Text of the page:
Arizona thinks ocean desalination will bring it the water it needs. It won’t – Robert Glennon and Brent M. Haddad

December 4, 2022

Opinion: There are far cheaper and more secure options to find new water for Arizona than desalinating ocean water from the Sea of Cortez.

The allure of seawater desalination seems irresistible.

All that ocean water just waiting to have the salt removed and be delivered to your tap. It can be done, but there are three hurdles:

It’s costly.
It’s energy intensive.
And it creates a need to dispose of the leftover salt.

Gov. Doug Ducey’s State of the State address in January, followed by enactment of Senate Bill1740 in July, pledges more than $1 billion over three years to bring more water to Arizona.

The cornerstone is a proposal to desalinate water from Mexico’s Sea of Cortez. Construction cost estimates for this project range from $3 to $4 billion. That’s a lot of money – more than Arizona contributed to
funding the Central Arizona Project. Yet, the estimates woefully understate the state’s ultimate liabilities.

There are other, much less expensive options that would provide a secure supply.

Sea of Cortez plans just didn’t add up

On Sept. 30, we completed our service to California’s Salton Sea Management Program’s Independent Review Panel to evaluate submissions to import water to the Salton Sea. Glennon was a member of the panel; Haddad the principal investigator. The state received 18submissions to import water. The panel ultimately endorsed none of them.

Several submissions proposed to build a desalination plant on the Sea of Cortez. The panel also investigated expanding on the Binational Desalination Project that is currently under consideration and would supply potable water to Arizona and potentially others. Its in take would be on a remote section of beach south of Puerto Peñasco, known better to Arizonans asRocky Point.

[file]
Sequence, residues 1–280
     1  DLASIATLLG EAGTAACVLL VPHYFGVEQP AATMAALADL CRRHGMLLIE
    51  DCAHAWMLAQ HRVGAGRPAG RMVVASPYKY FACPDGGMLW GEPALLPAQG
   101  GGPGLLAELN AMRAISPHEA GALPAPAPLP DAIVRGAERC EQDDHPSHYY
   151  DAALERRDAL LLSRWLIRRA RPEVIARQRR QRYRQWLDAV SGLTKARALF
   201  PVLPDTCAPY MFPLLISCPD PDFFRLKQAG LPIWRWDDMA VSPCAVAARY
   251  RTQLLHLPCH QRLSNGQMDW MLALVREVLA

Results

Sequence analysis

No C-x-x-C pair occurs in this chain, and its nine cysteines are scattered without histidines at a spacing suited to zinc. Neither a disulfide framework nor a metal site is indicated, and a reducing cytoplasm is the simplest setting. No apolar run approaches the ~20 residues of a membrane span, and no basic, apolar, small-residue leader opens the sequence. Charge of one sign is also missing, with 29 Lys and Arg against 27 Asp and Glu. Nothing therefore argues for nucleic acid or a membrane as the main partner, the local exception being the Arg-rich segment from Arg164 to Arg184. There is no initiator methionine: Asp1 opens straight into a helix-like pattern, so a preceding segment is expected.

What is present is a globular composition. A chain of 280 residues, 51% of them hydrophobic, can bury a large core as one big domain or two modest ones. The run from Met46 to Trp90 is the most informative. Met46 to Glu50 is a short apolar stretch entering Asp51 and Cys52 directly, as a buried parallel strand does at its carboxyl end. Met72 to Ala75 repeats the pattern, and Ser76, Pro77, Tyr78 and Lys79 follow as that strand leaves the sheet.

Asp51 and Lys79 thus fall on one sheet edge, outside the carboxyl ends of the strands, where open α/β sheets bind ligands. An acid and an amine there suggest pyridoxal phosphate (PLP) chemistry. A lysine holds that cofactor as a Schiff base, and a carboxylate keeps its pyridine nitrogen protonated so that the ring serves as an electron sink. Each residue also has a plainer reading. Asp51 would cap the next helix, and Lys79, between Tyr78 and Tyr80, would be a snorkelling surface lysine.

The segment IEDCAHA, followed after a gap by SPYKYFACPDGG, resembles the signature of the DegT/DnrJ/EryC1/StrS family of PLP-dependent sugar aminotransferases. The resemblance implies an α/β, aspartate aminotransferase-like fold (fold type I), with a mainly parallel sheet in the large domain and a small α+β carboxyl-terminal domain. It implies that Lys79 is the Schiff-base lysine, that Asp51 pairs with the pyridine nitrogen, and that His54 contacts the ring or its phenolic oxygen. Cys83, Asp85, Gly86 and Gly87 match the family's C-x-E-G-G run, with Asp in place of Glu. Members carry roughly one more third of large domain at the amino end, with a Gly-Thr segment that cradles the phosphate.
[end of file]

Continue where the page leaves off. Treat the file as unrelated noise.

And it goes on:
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The energy needs of the plant would require construction of a power plant. The electricity to fuel the power plant would require building transmission lines from, well, a long way away. The project would also need to build a tunnel or canal with pumping stations to move the desalted water northwest to Mexico’s Morelos Dam near Yuma. Mexico would get thedesalinated water and, in exchange, Arizona would get more Colorado River water.
A top-flight water engineering team advised the Salton Sea panel and did extensive work on the economics, energy consumption and environmental implications of the submissions, all available online in the panel’s feasibility report.

Construction is costly, not guaranteed

We calculated in the report that building the binational project could cost more than$20billion in capital costs and as much as $500 million in annual costs, which would be split in some unknown configuration among Arizona and other participating parties. Its operation could generate 300,000 tons of CO₂ per year. It likely wouldn’t be operational until the 2040s,assuming no permitting or other delays.